I founded Cog Design in 1991. In truth there wasn’t a lot of planning involved. I loved going to gigs and my commissions came from concert promoters. It was the middle of a recession and most people told me to get a proper job. I didn’t listen.
Cog has expanded to encompass a broad spectrum of culture and heritage clients but the core of the business remains the same: we help arts organisations inspire their audiences.
Is that a good business model?
If you were planning to start a design agency at the moment, what sector would you turn to for clients? I can guarantee that the arts would not even feature on the list.
Even in the best of times, the cultural sector is fuelled by enthusiasm, long hours and a can-do attitude. It’s not an industry you turn to to make your fortune.
Peer behind the curtain, and even commercial West End theatre is held together by duct-tape and promises. And those shows, those theatres, those producers are lauded as one of Britain’s great business success stories.
At Cog we’ve worked exclusively in the arts for almost three decades. We do that because we love it and we believe in the power of the arts to change lives and perspectives.
But our position is quite rare. I can remember a freelance designer (now a high-flying agency director) taking me to one side to say “this arts work is great fun, but where’s the work that makes the money?”.
It’s a model he’d seen a lot elsewhere. Big agencies take on high-profile cultural projects for the kudos (and because arts people are more interesting to work with). But the work is short-term window dressing, taken on to motivate their team and to attract more pharmaceutical, retail, banking, property, luxury goods, gambling and alcohol clients.
We’re not like that. There is no alternative sources of income. We only work in the arts.
We work across branding, campaigns and publication designs but most of our work is now in the world of websites. We work really, really hard, and we’re good at what we do. People pay us for our expertise and the benefit we bring to their organisation. In the arts that usually means raising profiles, selling tickets, or an uptake in memberships and donations.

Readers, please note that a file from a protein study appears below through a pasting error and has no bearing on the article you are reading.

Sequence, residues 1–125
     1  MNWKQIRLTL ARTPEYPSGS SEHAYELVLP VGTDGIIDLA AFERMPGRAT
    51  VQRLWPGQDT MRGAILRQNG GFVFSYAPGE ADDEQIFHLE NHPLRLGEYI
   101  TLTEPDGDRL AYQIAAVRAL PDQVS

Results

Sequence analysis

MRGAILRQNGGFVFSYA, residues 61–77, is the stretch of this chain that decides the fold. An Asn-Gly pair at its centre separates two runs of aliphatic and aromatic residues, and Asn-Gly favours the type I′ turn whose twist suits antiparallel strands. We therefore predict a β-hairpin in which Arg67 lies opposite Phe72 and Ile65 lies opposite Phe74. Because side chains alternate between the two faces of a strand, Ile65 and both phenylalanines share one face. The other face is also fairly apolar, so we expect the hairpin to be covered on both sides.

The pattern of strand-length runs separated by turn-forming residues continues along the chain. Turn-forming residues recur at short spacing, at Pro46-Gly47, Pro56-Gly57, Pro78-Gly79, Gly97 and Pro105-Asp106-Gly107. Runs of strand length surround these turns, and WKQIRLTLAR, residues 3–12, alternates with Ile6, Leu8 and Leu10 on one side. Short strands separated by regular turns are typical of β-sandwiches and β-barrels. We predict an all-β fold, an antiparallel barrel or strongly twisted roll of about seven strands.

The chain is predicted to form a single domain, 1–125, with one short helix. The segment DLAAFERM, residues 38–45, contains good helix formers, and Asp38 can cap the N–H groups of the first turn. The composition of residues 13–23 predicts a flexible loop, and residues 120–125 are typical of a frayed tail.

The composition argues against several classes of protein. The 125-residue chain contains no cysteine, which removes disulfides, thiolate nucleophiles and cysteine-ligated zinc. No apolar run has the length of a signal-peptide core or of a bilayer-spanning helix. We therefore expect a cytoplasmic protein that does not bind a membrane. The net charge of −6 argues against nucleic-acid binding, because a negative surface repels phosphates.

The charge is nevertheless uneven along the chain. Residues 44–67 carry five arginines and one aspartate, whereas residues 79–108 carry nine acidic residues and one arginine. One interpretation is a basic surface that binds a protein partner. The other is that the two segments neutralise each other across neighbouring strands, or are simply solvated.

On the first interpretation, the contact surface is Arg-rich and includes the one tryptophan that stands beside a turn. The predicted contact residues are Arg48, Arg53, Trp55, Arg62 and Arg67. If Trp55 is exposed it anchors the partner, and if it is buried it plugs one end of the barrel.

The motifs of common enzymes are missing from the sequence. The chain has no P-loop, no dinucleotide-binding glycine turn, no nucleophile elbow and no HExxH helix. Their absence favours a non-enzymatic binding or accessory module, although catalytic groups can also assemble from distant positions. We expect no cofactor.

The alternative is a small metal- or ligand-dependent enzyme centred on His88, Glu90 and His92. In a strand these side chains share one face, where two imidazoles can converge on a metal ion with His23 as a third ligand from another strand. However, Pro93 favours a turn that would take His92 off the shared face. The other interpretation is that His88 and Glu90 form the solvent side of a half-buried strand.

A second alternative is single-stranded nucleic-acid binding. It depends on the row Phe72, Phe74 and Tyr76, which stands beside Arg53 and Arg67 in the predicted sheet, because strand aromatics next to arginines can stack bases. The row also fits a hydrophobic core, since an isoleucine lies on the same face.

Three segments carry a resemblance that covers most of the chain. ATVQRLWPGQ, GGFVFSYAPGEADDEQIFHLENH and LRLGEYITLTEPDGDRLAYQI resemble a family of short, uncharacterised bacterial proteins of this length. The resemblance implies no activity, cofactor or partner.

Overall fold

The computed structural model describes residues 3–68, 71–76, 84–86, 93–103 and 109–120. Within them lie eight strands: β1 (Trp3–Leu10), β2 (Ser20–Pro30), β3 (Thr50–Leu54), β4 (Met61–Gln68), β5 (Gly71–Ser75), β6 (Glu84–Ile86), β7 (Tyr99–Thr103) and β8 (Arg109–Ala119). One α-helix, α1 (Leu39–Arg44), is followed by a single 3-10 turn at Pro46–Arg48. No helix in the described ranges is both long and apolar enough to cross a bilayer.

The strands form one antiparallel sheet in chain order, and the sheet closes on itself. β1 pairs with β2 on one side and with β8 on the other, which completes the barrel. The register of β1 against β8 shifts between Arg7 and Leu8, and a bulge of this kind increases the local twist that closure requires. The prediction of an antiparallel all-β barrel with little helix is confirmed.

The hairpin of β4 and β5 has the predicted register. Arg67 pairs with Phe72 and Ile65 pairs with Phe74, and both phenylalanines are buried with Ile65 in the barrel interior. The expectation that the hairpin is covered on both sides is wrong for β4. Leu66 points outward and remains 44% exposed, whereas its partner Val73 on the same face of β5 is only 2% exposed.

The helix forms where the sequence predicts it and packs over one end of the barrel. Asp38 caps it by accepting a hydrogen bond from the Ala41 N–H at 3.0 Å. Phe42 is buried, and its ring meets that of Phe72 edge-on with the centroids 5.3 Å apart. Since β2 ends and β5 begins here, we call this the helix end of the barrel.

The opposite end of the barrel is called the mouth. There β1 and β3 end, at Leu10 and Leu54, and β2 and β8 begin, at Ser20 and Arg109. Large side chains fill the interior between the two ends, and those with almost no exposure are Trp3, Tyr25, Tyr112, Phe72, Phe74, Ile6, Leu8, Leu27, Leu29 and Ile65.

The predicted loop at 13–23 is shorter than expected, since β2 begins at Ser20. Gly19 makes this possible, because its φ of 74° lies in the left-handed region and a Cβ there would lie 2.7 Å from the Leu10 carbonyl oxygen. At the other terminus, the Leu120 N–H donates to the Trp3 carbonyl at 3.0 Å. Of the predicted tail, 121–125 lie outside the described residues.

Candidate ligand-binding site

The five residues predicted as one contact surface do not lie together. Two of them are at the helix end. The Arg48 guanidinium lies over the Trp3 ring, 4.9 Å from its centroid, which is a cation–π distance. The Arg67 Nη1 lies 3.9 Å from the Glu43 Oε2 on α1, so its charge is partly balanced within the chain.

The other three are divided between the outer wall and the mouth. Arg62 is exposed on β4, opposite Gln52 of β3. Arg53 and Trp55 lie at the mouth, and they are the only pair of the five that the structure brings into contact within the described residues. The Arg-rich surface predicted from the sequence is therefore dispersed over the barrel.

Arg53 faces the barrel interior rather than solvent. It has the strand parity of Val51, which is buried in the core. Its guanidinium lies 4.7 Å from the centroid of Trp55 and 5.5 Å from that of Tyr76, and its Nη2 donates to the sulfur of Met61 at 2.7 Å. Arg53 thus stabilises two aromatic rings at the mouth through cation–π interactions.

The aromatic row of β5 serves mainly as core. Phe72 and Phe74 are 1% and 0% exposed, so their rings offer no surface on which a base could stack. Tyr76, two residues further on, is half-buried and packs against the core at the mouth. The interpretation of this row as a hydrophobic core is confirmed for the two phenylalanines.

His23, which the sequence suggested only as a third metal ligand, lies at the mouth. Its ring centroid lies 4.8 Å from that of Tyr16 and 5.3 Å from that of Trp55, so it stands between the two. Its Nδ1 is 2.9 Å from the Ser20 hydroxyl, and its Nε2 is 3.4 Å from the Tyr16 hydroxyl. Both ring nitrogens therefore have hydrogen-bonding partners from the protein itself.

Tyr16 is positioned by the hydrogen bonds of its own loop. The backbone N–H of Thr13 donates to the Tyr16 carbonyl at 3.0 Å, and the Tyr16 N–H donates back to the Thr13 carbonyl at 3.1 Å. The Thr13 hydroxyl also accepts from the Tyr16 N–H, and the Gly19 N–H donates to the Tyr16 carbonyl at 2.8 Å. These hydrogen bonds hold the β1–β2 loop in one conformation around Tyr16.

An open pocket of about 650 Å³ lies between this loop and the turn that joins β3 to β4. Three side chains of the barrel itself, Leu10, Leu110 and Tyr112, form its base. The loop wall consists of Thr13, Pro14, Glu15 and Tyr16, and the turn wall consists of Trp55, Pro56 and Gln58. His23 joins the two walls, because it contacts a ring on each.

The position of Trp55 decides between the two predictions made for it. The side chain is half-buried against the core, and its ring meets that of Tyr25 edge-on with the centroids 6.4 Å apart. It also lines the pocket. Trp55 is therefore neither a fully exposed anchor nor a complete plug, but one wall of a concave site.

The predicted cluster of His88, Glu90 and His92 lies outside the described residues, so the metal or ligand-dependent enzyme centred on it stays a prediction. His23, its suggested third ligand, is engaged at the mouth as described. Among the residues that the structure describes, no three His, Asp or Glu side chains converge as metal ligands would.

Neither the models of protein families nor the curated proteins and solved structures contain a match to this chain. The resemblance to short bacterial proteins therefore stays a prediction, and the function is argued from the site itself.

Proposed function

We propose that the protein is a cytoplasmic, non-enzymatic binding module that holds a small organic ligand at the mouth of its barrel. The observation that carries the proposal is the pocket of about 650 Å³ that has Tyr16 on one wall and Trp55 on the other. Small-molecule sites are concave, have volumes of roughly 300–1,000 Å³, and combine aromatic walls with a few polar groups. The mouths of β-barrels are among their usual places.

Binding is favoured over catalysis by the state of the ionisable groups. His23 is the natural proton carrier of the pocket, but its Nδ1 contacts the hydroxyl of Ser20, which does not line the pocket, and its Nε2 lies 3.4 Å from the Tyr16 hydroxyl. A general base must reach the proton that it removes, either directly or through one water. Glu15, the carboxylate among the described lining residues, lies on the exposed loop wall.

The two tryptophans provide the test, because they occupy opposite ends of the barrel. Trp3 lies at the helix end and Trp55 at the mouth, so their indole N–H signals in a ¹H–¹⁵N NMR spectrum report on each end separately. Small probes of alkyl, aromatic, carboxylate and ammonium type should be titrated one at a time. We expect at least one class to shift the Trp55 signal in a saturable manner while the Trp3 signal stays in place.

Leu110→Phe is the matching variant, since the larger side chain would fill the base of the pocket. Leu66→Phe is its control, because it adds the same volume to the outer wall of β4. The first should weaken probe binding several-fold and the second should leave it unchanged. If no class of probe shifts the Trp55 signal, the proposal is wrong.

Could we earn more and work less hard by applying our skills to other sectors? Of course we could. Would we want to? Absolutely not.
As the pandemic hit, lots of people offered me advice. This crisis could last til September, they said; arts venues won’t be able to open, they have no money to pay you. You need to pivot, to turn to other sources of income, to turn away from these impoverished clients.
I suppose from a cool, calculated, business-focused perspective it was good advice. We’re now in November starting a second lock-down; reopening efforts have been trashed and we’re all feeling pretty numb.
But I have not followed their advice.
We are not going to abandon the sector we love at the time it needs us most.
We don’t see ourselves as suppliers to the arts sector; we are partners, within the sector.
We are all in this together.
Culture is the glue that binds society. We can’t walk away from the arts when the world is at its most fragile. We need to work together to keep alive the complex networks that bind it all and make the magic possible.
It’s going to take years, maybe decades to rebuild what we have lost this year. We need experience, collective memory, deep understanding and robust tenacity to help the next generation survive and thrive.
Now is not the time for those who have benefitted from the (relatively) good times to abandon the arts. Now is when we are needed more than ever.
We’ve been in it for 30 years, we aim to be around for at least another 30.